Peek 0,1,0,0,-1,0,4 CocoaPods

Take a Peek at your application.


Version License Language Platform

Peek is an open source library that lets you easily check your application against your user interface’s specification guide(s). Peek can be used by engineers, designers & testers, allowing developers to spend more time on code and less time checking that fonts, colors and layout are pixel perfect.

Swift Support

Swift 3.0

Swift 3.0 support is coming soon.

Swift 2.3

If you need Swift 2.3 support, update your Podfile as such:

pod 'Peek', '2.3'

Swift 2.2

The current release of Peek is Swift 2.2, however its now recommended that you update your Podfile as such:

pod 'Peek', '2.0'



  • Slack integration
  • Email reports
  • Screenshot upload block (for Slack)
  • NSAttributedString support, including paragraph styles


  • Enable with options
  • Force shake gesture on device
  • Allow container selection


  • Absolute layout overlay
  • Multiple inspectors
  • Swift Support
  • iOS 8.3 Support

How does it work?

Tap your volume key(s) to activate/deactivate Peek.

Then tap, or drag your finger across the screen to select a component and see its layout information.

Double-tap anywhere on the screen to bring up the Peek Inspectors. Here peek will show you contextual information about the view you’re inspecting. For example, a label will show information such as font and textColor, whereas an image might show information about its size or scaling mode.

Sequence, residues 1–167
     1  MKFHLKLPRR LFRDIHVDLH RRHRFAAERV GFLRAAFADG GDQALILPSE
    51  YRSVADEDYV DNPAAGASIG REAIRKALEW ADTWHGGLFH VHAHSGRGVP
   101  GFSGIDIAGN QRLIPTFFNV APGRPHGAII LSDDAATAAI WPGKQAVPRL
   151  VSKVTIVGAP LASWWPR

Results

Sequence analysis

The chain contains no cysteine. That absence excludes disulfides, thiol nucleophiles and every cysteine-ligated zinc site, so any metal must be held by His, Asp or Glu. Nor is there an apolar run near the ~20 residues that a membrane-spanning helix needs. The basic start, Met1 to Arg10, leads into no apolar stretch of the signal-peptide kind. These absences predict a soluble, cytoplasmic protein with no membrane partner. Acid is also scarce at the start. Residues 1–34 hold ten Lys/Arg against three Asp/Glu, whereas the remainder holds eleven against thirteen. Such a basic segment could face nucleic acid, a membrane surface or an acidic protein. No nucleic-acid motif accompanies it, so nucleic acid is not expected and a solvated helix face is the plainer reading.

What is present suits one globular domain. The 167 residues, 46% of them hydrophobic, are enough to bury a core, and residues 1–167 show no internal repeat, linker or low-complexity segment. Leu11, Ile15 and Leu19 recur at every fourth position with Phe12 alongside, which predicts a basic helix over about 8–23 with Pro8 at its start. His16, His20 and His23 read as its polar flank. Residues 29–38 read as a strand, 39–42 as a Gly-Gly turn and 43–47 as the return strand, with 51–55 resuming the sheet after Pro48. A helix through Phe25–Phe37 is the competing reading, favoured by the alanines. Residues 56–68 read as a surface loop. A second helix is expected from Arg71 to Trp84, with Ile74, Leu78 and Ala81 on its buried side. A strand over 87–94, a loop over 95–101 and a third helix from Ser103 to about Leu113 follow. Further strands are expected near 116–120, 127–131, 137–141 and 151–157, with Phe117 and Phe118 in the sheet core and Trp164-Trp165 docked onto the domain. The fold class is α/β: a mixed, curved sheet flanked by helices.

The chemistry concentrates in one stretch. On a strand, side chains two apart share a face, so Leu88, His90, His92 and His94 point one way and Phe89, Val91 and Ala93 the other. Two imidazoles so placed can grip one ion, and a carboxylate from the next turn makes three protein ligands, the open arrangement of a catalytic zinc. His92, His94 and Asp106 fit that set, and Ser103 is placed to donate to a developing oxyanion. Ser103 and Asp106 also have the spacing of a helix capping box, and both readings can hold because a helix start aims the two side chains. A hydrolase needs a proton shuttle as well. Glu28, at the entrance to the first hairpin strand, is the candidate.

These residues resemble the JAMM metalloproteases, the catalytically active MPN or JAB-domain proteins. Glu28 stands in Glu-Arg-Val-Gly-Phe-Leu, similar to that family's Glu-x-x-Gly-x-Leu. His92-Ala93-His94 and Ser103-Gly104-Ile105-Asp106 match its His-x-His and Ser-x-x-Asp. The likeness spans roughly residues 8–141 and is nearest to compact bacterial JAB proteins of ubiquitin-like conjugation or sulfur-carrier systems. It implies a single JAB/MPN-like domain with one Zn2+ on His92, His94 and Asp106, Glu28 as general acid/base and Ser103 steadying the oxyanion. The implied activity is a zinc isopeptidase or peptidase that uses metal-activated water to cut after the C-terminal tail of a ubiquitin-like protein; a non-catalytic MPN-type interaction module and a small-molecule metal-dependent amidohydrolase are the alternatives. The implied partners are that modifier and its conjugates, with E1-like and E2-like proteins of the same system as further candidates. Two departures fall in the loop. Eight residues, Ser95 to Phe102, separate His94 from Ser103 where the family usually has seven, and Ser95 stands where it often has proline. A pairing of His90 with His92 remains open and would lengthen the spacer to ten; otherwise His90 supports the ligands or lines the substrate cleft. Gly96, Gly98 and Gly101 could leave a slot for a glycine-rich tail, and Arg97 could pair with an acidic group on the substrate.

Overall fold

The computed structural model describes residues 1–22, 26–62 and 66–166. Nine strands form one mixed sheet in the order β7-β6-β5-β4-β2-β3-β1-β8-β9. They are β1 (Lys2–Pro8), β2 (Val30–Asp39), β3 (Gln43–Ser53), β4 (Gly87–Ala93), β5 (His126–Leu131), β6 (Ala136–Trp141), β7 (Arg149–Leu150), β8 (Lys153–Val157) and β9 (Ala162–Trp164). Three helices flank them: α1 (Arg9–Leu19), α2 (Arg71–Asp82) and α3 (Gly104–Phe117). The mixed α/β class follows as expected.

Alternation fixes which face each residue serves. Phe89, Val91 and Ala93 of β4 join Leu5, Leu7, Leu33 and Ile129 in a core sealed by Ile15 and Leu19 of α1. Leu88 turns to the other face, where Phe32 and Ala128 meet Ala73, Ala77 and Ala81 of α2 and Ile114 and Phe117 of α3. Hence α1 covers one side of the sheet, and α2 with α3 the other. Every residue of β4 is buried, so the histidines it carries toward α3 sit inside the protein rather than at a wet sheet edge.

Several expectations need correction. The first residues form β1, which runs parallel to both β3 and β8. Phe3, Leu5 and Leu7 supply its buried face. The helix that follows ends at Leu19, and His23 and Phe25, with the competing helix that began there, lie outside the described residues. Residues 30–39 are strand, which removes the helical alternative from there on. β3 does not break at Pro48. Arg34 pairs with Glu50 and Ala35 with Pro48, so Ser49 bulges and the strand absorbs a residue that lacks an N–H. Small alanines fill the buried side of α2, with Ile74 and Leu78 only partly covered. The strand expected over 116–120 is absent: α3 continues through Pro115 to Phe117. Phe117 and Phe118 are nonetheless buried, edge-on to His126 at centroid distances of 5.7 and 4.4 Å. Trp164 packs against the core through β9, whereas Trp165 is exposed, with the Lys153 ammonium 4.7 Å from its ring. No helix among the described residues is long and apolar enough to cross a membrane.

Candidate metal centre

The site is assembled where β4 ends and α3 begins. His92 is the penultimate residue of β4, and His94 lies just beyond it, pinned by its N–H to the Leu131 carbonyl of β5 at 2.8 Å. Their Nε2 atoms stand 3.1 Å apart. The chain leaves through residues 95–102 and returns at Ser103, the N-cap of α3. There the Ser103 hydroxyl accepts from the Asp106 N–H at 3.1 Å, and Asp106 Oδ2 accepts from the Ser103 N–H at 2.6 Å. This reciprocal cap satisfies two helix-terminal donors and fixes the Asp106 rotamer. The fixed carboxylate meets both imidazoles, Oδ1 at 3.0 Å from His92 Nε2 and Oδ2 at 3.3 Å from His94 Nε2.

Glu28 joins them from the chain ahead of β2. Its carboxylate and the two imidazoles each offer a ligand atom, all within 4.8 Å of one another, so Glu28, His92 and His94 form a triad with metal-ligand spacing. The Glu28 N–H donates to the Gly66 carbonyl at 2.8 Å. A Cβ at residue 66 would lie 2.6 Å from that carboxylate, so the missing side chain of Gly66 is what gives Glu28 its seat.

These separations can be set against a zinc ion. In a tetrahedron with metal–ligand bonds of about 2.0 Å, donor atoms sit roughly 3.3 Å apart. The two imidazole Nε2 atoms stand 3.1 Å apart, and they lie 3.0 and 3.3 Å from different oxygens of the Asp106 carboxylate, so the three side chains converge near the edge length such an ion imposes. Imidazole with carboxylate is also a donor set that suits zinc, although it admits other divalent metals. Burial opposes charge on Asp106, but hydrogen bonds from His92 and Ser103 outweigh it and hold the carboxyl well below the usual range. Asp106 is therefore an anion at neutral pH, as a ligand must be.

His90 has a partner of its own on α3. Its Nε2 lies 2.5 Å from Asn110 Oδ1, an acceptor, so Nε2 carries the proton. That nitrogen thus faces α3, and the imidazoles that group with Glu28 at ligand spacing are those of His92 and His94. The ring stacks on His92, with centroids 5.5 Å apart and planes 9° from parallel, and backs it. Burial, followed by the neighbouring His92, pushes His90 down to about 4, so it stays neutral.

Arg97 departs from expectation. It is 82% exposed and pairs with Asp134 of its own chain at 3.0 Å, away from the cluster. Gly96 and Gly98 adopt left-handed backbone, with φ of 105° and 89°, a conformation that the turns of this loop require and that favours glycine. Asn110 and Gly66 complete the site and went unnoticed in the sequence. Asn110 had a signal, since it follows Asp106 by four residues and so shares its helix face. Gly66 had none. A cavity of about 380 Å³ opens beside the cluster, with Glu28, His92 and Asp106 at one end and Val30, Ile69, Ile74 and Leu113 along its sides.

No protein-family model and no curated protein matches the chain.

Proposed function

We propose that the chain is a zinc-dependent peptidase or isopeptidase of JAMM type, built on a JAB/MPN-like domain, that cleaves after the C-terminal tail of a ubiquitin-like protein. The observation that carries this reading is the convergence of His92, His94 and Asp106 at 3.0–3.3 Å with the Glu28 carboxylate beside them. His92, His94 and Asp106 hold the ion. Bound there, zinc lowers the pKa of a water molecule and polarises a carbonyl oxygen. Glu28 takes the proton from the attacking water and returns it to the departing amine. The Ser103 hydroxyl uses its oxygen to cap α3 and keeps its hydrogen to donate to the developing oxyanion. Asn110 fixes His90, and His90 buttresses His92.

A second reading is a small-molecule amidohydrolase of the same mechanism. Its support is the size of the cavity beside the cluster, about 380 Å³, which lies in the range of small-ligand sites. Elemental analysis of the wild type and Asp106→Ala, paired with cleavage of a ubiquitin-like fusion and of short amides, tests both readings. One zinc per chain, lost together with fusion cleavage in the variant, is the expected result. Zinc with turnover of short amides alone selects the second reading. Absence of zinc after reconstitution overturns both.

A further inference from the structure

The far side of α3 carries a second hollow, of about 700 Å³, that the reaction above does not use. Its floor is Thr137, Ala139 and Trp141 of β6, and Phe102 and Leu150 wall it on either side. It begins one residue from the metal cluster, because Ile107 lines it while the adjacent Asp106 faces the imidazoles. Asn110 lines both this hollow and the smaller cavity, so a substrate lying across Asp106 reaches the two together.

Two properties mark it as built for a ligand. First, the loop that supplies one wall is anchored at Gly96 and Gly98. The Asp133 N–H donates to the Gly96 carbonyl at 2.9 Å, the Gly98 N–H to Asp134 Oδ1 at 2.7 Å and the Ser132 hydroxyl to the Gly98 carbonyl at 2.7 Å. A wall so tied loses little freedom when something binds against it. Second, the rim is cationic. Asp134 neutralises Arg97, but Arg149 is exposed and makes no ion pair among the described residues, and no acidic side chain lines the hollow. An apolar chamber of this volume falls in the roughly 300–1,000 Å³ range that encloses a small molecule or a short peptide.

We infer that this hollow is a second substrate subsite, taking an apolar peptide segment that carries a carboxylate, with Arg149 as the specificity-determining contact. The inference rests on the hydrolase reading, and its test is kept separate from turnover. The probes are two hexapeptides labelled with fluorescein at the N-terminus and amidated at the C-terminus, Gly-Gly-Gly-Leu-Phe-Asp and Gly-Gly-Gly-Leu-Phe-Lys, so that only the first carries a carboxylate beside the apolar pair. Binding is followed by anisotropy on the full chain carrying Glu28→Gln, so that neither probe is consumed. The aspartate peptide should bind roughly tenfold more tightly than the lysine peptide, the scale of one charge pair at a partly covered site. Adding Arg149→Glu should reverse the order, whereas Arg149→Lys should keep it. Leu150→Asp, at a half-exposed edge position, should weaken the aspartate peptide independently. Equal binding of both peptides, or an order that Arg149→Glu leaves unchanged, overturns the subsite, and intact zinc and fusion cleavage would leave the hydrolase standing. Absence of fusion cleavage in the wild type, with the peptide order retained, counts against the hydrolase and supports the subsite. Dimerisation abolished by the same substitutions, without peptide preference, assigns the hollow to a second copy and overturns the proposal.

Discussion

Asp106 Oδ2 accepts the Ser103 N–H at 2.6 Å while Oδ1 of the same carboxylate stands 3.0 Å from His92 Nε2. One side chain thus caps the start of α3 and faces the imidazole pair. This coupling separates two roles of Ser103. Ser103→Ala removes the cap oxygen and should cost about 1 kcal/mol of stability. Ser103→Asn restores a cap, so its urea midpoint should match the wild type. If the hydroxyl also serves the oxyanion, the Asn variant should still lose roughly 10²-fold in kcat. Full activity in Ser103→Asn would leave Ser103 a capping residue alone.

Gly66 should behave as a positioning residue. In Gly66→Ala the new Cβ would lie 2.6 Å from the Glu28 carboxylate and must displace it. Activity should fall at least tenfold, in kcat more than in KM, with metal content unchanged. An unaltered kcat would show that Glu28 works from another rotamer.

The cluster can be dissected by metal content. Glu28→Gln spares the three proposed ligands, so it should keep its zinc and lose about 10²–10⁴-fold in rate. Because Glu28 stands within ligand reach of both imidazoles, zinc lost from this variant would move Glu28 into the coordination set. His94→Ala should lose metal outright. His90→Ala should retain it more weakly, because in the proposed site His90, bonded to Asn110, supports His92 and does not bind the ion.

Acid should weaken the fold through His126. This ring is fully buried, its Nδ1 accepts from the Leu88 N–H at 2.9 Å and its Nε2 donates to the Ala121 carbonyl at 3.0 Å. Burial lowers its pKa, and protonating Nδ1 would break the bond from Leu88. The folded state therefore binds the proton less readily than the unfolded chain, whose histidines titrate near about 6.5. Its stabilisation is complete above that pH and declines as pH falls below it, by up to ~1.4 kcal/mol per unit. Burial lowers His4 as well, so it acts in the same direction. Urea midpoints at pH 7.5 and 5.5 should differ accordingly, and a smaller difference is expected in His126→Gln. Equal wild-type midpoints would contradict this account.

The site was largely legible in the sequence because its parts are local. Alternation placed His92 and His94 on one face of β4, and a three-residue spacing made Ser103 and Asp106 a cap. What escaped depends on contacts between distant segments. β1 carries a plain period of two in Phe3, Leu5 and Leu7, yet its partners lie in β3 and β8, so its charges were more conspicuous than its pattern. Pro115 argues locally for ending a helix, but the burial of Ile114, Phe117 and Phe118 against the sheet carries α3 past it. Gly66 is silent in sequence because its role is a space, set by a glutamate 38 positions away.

You can also tap and hold on any property to copy it to your pasteboard. More features coming soon regarding this – which will allow you to report issues back to your dev(s).

Peek currently supports a single overlay mode, but more are coming soon – including an overlay that allows you to see measures between components!


The quickest way to see how awesome and useful Peek is, is by downloading this repo and running the sample project included.

Its a small app that perfectly demonstrates the power of Peek!

How do I get started?

Peek was designed to be extremely easy to use.

If you’re a designer, send a link to this page to your dev(s) :)

For developers, simply use CocoaPods (alternativel you can simply drag the files into your project)

pod 'Peek'

Then add a single line to your App Delegate:

window?.peek.enabled = true

Optionally, I’d suggest adding the DEBUG Swift compiler flag and changing the code to:

  window?.peek.enabled = true

You can also provide options when enabling Peek:

window?.peek.enableWithOptions { options in

  // Peek will require a shake on the device and simulator
  options.activationMode = .Shake 
  // Container views (UIView) will not be ignored -- Note: this does not include system containers
  options.shouldIgnoreContainers = false

Now whenever you run your app, you can now activate/deactivate Peek by pressing one of the volume keys on your device ;)

Configuring Peek

Peek allows many options to be configured, allowing you more control over how Peek is configured as well as reporting options:

window?.peek.enableWithOptions { options in
  options.activationMode = .Auto
  options.shouldIgnoreContainers = true
   In order to use Slack, you need to define a username, recipient (either a channel or user, e.g. #peek or @peek)
   You also need to provide your Slack Incoming WebHook URL
  options.slackUserName = "Peek"
  options.slackRecipient = "#peek"
  // options.slackWebHookURL = NSURL(string: "$TOKEN")!
   Email support works by default, but you can also configure options like recipient(s) & subject